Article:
Biomass Power Producers

Facing Obstacles, Opportunities


Despite operating through tough market conditions the past several years, biomass power and CHP producers remain committed to the industry as a competitive player in the market and also as a solution-provider for forest health and rural jobs issues.

Even with the industry’s headwinds, biomass power is expanding. According to U.S. Energy Information Administration reports and projections, the U.S. is expected to generate 112,000 MWh per day of electricity from biomass in 2016, increasing to 118,000 MWh per day in 2017.

Looking at the current and future condition of biomass power markets, it’s hard to gain a consensus or make too many projections due to the nature of power markets in the U.S. “It can be difficult to generalize across markets because different areas and markets in the U.S. have different renewable standards and different revenue streams,” says Biomass Power Assn. President Bob Cleaves, who recently spoke with Wood Bioenergy about the past year and the future outlook for biomass power generation.

“It’s amazing what a few days of cold weather in the East can do to make natural gas prices pop,” Cleaves says of the recent cold weather fronts moving across the northern half of the U.S. “A lot of the economics of biomass around the country are tied to natural gas, and there’s no question the historical low gas prices have affected the (biomass power) industry.”

As a result, Cleaves adds, “One thing we’re not seeing is a lot of new development for biomass power right now, and there are a number of reasons for that. I think the industry has also stabilized in the sense that some facilities that have shut down are now reopening, so the industry continues to ebb and flow. And natural gas is a big component of that.”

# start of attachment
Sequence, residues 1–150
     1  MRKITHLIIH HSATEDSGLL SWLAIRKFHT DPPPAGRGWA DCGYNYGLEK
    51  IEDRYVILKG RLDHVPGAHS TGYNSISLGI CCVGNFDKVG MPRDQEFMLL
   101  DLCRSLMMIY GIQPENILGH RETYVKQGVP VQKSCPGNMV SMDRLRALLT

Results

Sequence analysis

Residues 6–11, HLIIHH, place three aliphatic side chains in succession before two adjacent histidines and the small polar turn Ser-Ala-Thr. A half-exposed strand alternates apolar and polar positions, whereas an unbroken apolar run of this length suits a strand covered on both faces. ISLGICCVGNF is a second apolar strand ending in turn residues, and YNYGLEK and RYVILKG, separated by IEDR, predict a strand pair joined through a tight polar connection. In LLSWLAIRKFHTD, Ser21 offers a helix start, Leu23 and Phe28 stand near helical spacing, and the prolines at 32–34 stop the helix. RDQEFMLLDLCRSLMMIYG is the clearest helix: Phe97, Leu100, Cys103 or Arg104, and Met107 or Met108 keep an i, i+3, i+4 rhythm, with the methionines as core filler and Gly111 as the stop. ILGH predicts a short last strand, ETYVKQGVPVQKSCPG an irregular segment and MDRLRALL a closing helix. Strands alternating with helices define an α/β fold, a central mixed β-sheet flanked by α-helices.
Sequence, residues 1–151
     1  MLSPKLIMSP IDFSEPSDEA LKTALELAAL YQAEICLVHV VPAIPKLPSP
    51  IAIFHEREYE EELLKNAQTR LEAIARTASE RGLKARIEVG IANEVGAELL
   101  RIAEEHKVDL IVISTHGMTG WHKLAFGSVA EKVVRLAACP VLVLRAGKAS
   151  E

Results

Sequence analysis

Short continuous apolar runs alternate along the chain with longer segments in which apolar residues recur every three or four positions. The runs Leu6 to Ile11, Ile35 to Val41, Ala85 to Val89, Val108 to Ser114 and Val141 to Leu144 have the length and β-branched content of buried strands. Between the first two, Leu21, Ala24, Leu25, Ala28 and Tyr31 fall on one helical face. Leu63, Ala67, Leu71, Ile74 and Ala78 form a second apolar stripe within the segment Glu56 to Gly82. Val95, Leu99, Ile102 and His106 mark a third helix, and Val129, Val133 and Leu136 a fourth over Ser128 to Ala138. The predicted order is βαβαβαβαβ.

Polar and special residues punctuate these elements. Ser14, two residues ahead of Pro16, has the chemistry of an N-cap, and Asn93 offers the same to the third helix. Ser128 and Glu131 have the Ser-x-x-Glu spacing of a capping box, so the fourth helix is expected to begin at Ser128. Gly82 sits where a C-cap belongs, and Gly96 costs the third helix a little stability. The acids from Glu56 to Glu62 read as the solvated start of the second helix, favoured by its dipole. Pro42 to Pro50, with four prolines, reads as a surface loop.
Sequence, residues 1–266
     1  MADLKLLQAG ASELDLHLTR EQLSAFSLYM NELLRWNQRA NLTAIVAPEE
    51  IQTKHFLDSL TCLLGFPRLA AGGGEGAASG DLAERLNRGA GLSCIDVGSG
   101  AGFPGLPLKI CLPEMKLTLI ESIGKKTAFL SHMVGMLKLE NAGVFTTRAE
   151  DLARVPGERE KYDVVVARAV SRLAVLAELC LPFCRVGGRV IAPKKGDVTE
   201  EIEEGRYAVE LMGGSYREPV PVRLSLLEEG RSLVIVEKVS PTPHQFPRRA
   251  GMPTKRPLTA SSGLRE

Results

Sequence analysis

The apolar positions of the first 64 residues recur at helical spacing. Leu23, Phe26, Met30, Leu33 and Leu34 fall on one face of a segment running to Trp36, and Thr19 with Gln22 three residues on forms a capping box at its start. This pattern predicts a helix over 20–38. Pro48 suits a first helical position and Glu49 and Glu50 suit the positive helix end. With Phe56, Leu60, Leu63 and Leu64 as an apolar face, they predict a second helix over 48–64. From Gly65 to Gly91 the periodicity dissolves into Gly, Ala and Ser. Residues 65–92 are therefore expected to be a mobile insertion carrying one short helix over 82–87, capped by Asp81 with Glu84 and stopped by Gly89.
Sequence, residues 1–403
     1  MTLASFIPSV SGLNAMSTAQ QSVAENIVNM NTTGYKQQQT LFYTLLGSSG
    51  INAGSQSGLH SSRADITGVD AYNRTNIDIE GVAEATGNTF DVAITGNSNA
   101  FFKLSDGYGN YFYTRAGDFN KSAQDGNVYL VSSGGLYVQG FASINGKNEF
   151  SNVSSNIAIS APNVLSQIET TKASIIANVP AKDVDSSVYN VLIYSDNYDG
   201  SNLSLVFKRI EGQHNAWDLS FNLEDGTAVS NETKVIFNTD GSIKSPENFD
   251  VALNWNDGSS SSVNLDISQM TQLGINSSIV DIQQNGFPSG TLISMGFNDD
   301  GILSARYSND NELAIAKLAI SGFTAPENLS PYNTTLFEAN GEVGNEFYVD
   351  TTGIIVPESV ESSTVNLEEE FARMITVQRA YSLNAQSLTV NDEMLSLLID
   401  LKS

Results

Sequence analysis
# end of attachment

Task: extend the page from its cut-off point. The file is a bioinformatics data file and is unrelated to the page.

Looking at specific regions, New England and the Northeast is a strong market for the biomass power industry, along with Midwest states such as Michigan and Wisconsin, plus the Pacific Northwest, Cleaves says.


Individual states implementing renewable energy policies are key to the biomass power industry’s development. In many cases, biomass power is utilized in pursuit of other goals, such as rural jobs or forest health issues, Cleaves says, pointing to recent developments in Maine and California as examples.

“This year (2016) saw the Maine legislature give Maine facilities a bridge contract to get them through the natural gas glut,” Cleaves says. “Another great example is that California in 2016 passed a law that requires utilities to contract with biomass power plants for a certain amount of power.” (See details, page 28.)

California’s Sierra Nevada region has forest issues that are an ecological crisis in the making due to dead and dying trees creating forest fire risk, Cleaves says. “The best place to send all that material is to biomass power plants.”

The activities in Maine and California are examples of what makes biomass power different than other energy sources, Cleaves says: “These are important developments because they show that biomass isn’t just about power—it’s also about the ancillary benefits the industry provides.”